Conflict in Ethiopia eases, but millions there still face risk of starvation

Mekelle:  21 April 2024 (Tigray Herald)

Conflict in Ethiopia eases, but millions there still face risk of starvation

As Ethiopia continues to face one of the worst droughts in recent history, millions of its people are suffering from acute hunger. The United States resumed shipments in December after suspending aid due to theft allegations. But starvation is still prevalent. Special correspondent Jack Hewson reports from the Tigray region in northern Ethiopia.

Ethiopia continues to face one of the worst droughts in recent history, and millions of its people are suffering from acute hunger.

Back in December, the United States resumed aid shipments after previously suspending them due to concerns about theft, but starvation is still prevalent.

Special correspondent Jack Hewson reports from the Tigray region in Northern Ethiopia.

• Jack Hewson:

These might be the last days of Gebremichael life. After months of little or no food, he’s starving, his stomach swollen from water retention that results from protein deficiency, skin stretched taught across his upper body, his heartbeat visible.

• Gebremichael Tesfey, Farmer (through interpreter):

I have a hard time breathing. It gets worse each day. I’m also feeling sick in my kidney. I can’t go to the toilet because everything I eat, I vomit out.

• Jack Hewson:

Gebremichael is so acutely malnourished that his body is rejecting food. His wife, Gember, grinds a few grains outside their home in the Yechila district of Northern Tigray province.

This is all they have. After the rains failed to fall in August, the crops failed too. As climate change bites, Ethiopia’s drought is the worst many here have ever experienced. People here are just trying to forage the last grains and berries that they can get from this arid landscape.

Food aid is beginning to arrive, but, for some, it may be too late. Millions face acute food insecurity in the region. Approximately 400 have reportedly died of starvation in Tigray and Amhara. Gebremichael is dangerously close to becoming the next fatality.

• Gebremichael Tesfey (through interpreter):

There’s nothing we can do about the pain. Our insides hurt.

• Jack Hewson:

The legacy of conflict, visible across the region, is also making the situation worse. The civil war that ended in November 2022 displaced 2.5 million. These people here in Yechila have fled ethnic persecution in contested Western Tigray.

Among them was Dessalegn Abadi Tafere and his family.

• Dessalegn Abadi Tafere, Ethiopia (through interpreter):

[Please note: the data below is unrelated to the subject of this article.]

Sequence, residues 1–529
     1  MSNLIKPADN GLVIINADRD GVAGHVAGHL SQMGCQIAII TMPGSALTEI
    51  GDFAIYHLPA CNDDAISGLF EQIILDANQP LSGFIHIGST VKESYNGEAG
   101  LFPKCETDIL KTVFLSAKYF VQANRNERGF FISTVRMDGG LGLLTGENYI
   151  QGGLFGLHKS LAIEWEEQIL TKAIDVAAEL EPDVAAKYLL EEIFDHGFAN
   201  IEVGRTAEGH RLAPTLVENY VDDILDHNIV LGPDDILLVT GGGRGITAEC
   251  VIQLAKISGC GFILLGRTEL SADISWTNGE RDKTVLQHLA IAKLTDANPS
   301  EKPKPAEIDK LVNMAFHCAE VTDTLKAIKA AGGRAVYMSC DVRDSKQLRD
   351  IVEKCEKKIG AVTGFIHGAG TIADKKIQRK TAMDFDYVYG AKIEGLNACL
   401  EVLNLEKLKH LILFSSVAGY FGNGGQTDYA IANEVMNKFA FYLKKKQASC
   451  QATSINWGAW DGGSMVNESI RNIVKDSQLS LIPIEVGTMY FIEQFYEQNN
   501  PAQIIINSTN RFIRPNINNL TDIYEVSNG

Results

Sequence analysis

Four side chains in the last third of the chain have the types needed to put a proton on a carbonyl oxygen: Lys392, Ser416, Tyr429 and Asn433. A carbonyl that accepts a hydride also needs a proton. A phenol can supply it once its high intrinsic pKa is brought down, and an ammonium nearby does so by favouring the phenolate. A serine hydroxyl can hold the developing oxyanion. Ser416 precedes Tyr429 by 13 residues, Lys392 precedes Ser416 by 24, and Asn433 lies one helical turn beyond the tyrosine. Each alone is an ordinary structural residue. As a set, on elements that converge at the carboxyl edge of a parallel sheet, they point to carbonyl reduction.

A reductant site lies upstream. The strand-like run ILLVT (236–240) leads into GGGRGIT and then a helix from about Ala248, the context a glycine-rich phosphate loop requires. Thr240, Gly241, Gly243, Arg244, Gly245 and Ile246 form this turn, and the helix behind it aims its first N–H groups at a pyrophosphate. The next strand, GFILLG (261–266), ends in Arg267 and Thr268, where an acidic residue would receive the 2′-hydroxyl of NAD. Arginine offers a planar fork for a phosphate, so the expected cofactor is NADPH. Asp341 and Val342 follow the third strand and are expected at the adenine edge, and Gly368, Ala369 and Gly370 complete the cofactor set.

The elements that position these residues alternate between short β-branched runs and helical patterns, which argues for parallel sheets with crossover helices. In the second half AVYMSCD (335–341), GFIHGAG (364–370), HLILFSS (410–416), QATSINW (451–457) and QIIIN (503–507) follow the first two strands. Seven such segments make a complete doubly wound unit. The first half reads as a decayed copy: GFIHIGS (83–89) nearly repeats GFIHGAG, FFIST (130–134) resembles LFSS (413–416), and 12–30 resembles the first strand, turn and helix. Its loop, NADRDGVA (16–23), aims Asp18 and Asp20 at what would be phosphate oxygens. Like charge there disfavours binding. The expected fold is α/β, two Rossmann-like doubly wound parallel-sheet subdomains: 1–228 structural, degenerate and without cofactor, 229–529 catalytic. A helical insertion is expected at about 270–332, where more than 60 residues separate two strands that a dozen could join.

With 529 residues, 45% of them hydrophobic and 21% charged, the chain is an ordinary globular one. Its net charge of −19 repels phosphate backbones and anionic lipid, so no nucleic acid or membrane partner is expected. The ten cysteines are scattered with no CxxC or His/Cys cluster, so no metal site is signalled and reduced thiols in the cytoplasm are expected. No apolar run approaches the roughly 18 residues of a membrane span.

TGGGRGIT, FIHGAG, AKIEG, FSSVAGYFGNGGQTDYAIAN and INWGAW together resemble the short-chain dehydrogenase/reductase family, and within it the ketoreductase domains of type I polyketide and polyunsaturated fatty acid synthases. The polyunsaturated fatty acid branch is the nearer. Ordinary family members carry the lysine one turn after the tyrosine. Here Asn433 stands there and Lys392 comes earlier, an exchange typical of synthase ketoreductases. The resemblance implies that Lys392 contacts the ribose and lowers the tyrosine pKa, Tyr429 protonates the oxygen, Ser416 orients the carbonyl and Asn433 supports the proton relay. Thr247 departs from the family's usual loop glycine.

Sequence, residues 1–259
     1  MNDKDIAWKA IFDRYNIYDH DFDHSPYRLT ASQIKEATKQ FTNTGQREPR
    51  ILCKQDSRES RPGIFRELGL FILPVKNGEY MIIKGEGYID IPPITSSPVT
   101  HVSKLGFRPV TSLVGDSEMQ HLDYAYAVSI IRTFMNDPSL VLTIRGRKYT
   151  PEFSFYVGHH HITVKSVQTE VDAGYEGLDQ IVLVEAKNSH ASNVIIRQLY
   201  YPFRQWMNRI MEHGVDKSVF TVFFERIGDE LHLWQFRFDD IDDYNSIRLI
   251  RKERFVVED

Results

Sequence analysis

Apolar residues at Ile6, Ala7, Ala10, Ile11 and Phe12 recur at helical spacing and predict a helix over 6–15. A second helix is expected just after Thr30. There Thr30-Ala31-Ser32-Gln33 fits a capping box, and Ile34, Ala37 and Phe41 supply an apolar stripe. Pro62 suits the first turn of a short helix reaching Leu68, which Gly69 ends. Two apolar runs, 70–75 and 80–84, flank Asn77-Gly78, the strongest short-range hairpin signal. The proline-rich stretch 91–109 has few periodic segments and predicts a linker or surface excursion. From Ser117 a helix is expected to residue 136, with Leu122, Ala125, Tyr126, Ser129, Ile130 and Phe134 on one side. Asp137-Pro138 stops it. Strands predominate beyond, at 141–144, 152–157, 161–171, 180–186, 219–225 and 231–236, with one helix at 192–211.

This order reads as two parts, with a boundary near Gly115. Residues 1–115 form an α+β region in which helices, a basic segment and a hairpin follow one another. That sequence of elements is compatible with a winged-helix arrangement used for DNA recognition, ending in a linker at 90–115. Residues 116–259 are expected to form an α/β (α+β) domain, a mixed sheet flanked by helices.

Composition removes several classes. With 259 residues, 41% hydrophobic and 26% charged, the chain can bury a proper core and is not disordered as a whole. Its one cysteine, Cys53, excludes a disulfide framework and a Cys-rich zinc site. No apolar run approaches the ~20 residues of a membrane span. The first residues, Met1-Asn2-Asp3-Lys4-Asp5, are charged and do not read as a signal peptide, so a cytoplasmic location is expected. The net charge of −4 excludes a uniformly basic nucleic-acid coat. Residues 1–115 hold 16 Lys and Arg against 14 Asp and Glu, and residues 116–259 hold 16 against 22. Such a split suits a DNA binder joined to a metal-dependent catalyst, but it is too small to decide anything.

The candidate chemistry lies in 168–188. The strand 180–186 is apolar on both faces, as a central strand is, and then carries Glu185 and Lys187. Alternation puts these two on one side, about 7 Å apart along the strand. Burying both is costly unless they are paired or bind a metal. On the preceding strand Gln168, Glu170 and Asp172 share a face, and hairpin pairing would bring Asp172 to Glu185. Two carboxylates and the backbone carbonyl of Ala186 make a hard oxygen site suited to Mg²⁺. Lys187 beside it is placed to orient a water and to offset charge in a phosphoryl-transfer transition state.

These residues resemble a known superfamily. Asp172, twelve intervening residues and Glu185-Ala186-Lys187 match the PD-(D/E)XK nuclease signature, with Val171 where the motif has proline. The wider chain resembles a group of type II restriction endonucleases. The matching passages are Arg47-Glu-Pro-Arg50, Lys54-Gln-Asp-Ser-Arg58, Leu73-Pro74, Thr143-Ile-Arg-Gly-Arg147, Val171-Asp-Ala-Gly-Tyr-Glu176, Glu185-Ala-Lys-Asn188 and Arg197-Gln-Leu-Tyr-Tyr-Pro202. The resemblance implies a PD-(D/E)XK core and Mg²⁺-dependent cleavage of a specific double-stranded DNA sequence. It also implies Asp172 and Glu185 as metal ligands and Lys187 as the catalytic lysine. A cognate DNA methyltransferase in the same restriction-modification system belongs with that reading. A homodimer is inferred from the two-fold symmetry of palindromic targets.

I have so many problems. I lost my house,. I lost everything. I have to beg. I ask people to help me for the sake of my babies. I ask people to support me until we get through this hard time.

I used to go to local people before. But now I can’t even go to them, because they are also suffering themselves.

• Jack Hewson:

Despite this widespread suffering, in January, Ethiopian Prime Minister Abiy Ahmed was awarded the U.N. Food and Agriculture Organization’s highest award for his contribution to rural and economic development, this for a leader accused of using starvation as a weapon of war as government forces laid siege to Tigray two years prior.

• Abiy Ahmed, Ethiopian Prime Minister (through interpreter):

I am deeply honored and grateful for the U.N. Food and Agriculture Organization for recognizing Ethiopia’s diligent efforts over the past five years in addressing food and nutrition security.

I would like to emphasize my government’s commitment to meeting zero hunger goals.

• Jack Hewson:

Zero hunger? That’s the rhetoric. But, in Tigray, the reality looks very different. Baby Leul was brought to Ayder Hospital in Mekelle by his mother, Alem Degefu Birhan, after she was unable to produce breast milk and he became dangerously underweight.

• Alem Degefu Birhan, Mother (through interpreter):

When I was pregnant, there were food shortages. When I got close to giving birth, I had so many problems. My breasts ran out of milk because I had no food.

• Jack Hewson:

Further down the ward are other children that have developed hydrocephalus, the swelling of the brain with spinal fluid, a condition that can be caused by malnutrition in pregnant mothers.

If nothing is done, Tigray could slide into famine. But using what’s termed the F-word is sensitive for the government and aid agencies alike. The memory of 1984 haunts Ethiopia, when pictures of the devastating famine shocked the world. Forty years later, the death rates and numbers suffering severe acute malnutrition do not now meet the U.N.’s technical famine definition.

But for Reda Getachew, interim Tigrayan president, he’s not interested in semantics.

• Getachew Reda, Interim President, Tigray Region:

I see people dying because there is no food on their plate. No amount of technical obfuscation is going to convince me that this is not hunger.

Whether the F-word should be avoided at this point is overly academic, as far as I’m concerned.

• Jack Hewson:

Tigray’s hunger was exacerbated by the World Food Program and USAID suspending food deliveries last March. The grain was being systematically stolen and sold on the black market, reportedly by both the federal and Tigrayan military.

After changes to prevent theft, WFP resumed shipments in August, and USAID in December, but, according to Mr. Getachew, it’s not enough.

Getachew Reda Add The response is not adequate at all. The resumption of food aid only covers 20 percent of what used to be the humanitarian need in Tigray. I know the federal government for quite some time has been dragging its feet to come to terms with the reality on the ground.

Source፡ PBS NewsHour

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